The age of choice: Fiji and Vanuatu in the new aid landscape

Research reports and studies
September 2014
Annalisa Prizzon and Maya Schmaljohann

This report reviews the experiences of Fiji and Vanuatu in managing non-traditional development assistance (NTDA) flows as part ODI's 'The age of choice' project. This project examines the challenges and opportunities developing governments experience in managing the new aid landscape, and the growth of NTDA.

Overview

Strengths

  • Fiji is not an aid-dependent country. Its ODA only accounts for about 2% of gross national income (GNI) and 6% of the total government budget.
  • Despite its political situation, the island state remains a diplomatic hub in the Pacific for most regional donors and organisations.
  • As a result of western withdrawal, Fiji has been strengthening its relationship with China since the coup. China provided about 30% of Fiji’s development assistance in 2012.

Weaknesses

  • After its last military coup in 2006, Fiji – a middle-income country – was ruled by an interim government until September 2014. The political situation led to the discontinuation of new lending by multilateral development banks and the severance of diplomatic relations with traditional donors such as Australia, New Zealand and the EU.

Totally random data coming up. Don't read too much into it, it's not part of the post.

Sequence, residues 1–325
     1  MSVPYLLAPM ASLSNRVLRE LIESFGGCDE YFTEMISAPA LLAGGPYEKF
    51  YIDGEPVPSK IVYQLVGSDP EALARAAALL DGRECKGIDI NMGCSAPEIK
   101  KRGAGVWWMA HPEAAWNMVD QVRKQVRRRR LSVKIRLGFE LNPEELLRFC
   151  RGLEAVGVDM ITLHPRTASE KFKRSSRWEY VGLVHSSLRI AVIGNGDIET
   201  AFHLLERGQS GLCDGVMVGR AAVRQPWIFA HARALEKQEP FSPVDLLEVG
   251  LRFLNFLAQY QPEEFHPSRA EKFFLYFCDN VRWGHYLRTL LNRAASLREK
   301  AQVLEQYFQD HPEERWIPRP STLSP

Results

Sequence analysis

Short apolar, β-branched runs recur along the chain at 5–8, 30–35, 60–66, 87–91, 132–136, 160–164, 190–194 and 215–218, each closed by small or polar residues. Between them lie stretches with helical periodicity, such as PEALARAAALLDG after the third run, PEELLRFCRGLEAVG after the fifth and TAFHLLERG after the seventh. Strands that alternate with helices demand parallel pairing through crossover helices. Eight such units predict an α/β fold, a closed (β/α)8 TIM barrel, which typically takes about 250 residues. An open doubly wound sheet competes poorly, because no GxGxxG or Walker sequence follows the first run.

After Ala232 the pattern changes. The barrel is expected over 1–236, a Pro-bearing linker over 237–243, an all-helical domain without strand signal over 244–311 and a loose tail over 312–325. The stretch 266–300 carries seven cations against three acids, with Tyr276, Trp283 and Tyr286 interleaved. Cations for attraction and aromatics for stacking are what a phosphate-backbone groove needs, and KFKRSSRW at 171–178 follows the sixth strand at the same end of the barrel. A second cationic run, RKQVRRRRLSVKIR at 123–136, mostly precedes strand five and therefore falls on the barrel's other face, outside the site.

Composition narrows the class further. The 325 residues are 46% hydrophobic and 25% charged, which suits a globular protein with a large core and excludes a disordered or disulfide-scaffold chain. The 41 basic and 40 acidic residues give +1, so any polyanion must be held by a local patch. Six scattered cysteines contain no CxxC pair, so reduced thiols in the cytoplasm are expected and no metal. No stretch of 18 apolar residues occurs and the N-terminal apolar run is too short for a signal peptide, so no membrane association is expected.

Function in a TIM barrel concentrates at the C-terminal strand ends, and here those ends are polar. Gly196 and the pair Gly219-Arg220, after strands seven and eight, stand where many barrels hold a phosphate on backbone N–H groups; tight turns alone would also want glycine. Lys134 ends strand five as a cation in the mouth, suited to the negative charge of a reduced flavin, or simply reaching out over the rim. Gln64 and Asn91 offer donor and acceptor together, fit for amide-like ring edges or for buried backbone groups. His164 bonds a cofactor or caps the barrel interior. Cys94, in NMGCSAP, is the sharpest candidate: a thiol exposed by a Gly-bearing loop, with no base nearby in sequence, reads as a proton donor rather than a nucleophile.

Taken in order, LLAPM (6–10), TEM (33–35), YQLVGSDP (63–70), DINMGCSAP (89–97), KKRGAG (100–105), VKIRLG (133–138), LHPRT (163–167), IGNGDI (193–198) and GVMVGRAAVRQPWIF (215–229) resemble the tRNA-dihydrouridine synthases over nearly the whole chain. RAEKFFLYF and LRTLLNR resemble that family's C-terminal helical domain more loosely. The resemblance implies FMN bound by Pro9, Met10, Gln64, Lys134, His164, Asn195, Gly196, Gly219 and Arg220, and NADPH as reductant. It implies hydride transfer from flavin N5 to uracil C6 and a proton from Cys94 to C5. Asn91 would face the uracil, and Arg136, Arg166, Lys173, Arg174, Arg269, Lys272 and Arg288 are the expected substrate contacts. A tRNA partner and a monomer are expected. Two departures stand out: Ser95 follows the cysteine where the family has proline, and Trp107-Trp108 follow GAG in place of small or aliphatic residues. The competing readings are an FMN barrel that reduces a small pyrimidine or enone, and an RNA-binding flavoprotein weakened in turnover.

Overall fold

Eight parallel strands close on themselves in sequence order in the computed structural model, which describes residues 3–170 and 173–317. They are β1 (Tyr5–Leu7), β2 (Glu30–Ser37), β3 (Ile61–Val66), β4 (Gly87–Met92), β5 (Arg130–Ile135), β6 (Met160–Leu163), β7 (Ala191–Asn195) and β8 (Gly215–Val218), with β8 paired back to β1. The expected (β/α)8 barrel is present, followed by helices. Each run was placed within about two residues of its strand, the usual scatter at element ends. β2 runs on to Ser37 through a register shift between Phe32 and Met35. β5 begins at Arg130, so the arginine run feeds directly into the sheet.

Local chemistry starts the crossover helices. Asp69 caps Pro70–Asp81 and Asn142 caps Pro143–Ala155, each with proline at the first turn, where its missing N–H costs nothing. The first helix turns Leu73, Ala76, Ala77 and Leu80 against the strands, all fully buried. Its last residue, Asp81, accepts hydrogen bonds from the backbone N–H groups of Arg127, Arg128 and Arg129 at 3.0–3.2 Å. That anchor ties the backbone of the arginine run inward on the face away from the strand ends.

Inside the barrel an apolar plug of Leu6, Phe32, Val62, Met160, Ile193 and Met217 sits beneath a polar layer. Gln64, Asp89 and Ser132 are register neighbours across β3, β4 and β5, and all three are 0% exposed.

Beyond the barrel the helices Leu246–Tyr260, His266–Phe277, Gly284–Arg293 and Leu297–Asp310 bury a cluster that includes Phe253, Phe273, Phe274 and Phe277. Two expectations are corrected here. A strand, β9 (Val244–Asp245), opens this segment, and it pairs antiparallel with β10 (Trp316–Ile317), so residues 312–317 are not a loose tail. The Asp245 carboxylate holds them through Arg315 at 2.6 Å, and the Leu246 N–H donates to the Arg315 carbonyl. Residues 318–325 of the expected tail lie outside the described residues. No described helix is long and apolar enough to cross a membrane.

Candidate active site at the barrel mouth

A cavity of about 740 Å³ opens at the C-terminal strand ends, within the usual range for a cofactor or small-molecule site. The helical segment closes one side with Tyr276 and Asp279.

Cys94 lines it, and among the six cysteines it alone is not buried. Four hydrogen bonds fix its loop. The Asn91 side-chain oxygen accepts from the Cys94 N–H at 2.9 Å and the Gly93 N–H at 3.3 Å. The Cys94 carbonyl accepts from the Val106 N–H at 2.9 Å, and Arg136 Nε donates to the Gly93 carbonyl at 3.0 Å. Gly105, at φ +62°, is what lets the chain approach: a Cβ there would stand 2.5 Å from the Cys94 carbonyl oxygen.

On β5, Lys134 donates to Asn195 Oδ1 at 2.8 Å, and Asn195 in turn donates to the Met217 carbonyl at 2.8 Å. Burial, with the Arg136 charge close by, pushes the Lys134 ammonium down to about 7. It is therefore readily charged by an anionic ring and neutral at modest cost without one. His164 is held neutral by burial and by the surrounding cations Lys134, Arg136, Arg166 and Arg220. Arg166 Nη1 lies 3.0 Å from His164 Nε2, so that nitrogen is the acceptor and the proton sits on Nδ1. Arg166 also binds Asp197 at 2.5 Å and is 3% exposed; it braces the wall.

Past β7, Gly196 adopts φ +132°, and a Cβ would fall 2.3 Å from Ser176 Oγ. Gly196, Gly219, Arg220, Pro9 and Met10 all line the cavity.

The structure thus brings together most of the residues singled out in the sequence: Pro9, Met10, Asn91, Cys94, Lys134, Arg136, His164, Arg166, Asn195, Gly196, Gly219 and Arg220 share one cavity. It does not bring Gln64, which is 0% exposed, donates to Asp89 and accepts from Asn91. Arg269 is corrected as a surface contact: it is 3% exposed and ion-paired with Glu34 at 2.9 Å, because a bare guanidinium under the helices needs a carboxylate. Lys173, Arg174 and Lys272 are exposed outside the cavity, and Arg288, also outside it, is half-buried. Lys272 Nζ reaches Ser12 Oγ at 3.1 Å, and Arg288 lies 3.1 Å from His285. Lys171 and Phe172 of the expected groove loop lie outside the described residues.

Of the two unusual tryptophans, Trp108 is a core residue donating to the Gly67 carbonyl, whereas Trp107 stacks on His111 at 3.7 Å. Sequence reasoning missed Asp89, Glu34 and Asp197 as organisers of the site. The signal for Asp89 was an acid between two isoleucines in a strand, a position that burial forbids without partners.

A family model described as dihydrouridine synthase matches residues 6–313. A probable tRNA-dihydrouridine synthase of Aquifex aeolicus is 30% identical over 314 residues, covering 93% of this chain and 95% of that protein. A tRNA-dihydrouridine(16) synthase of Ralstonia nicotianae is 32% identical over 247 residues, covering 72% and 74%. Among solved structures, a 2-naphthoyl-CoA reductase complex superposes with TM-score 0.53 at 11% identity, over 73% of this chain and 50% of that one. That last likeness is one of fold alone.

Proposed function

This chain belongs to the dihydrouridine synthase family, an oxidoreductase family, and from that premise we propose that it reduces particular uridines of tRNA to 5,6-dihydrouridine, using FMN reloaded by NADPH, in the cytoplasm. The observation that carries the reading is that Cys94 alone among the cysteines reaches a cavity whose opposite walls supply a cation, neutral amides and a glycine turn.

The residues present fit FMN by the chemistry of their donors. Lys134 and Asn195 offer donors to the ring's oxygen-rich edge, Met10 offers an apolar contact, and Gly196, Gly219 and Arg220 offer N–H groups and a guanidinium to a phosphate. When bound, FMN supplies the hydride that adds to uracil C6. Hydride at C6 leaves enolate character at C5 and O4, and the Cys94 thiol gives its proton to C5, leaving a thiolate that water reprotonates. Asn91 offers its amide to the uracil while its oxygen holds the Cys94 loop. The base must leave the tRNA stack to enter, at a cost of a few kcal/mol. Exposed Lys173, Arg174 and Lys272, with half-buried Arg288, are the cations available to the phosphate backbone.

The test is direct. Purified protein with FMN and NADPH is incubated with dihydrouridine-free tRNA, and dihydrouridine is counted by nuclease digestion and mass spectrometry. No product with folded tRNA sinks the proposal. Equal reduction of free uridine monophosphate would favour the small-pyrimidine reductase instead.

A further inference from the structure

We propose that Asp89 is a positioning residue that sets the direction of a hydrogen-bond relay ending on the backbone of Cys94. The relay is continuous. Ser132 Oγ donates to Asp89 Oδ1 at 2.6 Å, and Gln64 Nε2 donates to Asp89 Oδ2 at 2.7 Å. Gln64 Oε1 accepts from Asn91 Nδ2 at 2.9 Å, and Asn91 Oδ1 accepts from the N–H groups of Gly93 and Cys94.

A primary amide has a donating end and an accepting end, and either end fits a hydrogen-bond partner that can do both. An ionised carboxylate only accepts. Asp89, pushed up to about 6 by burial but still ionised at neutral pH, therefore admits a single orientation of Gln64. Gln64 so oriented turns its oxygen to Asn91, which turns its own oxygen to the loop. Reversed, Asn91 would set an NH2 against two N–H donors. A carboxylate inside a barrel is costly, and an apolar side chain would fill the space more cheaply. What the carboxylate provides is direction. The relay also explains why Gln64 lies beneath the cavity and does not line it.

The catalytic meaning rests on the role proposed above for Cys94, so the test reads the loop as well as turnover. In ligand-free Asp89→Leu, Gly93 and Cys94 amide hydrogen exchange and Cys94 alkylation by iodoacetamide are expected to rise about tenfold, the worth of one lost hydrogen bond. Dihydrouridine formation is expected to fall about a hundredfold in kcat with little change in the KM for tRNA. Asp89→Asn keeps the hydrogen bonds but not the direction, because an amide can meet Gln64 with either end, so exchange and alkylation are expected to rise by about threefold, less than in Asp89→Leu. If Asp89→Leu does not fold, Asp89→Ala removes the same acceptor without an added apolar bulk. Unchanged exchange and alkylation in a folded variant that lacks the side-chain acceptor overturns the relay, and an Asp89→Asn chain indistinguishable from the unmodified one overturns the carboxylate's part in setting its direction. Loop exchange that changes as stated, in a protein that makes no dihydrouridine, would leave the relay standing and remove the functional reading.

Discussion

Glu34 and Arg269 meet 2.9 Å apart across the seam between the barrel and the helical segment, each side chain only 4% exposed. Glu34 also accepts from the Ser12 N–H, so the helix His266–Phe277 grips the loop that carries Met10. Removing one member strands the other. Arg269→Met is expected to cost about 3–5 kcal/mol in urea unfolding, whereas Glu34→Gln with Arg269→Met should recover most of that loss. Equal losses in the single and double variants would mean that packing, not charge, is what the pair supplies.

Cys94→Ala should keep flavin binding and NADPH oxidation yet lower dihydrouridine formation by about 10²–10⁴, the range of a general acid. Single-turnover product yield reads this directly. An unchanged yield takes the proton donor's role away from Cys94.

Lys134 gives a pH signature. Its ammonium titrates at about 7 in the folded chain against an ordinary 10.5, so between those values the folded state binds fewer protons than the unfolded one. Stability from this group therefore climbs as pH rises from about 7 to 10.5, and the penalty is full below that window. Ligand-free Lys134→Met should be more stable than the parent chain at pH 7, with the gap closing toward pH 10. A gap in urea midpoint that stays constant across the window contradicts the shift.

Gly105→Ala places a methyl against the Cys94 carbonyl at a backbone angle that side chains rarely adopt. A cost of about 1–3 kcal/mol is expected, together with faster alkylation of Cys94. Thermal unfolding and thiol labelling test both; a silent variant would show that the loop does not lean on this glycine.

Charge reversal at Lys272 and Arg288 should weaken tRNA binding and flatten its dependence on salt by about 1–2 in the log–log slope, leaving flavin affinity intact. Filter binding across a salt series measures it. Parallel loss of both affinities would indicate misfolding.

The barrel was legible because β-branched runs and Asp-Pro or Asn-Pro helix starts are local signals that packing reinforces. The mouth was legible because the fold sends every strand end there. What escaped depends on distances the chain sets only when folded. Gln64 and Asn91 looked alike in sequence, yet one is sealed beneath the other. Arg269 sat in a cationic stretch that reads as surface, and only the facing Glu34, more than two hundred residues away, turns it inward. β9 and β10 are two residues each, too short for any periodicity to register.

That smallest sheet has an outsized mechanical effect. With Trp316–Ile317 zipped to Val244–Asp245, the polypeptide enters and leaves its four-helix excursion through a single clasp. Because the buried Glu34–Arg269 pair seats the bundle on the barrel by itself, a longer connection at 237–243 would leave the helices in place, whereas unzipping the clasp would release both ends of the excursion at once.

• Fiji’s volatile economy has experienced low levels of growth since the 2000s.
  • Government priorities for the terms and conditions of development assistance.
  • Fiji’s main priorities are increased aid flows, technical assistance and aid for trade.
  • In order to strengthen its ownership over foreign aid, Fiji’s government prefers flexible and quickly disbursed funds that are provided without conditions and which address the country’s development priorities.
  • Due to capacity constraints, line ministries have expressed a preference for donor-managed implementation units

Arenas for negotiations.

  • The Budget and Aid Coordination Committee is in charge of managing Fiji’s development assistance from both traditional and non-traditional partners. Development assistance from China and Taiwan is managed by a separate office, which sits within the Office of the Prime Minister.
  • There is no formal coordination mechanism between the central government and the development partners. This is partly due to the absence of diplomatic relations between most traditional development partners and the government since the coup. In 2013, the government invited traditional and non-traditional sovereign development partners to a donor consultative forum for the first time in years.
  • At the sectoral level, only the health sector working group seems to be active.

Outcomes – Did the government achieve its goals?

  • Technical assistance makes up a reasonable share of Fiji’s aid (almost 16% in 2012).
  • The difficult relationship between the interim government and traditional donors has limited the government’s ability to assume ownership of development assistance.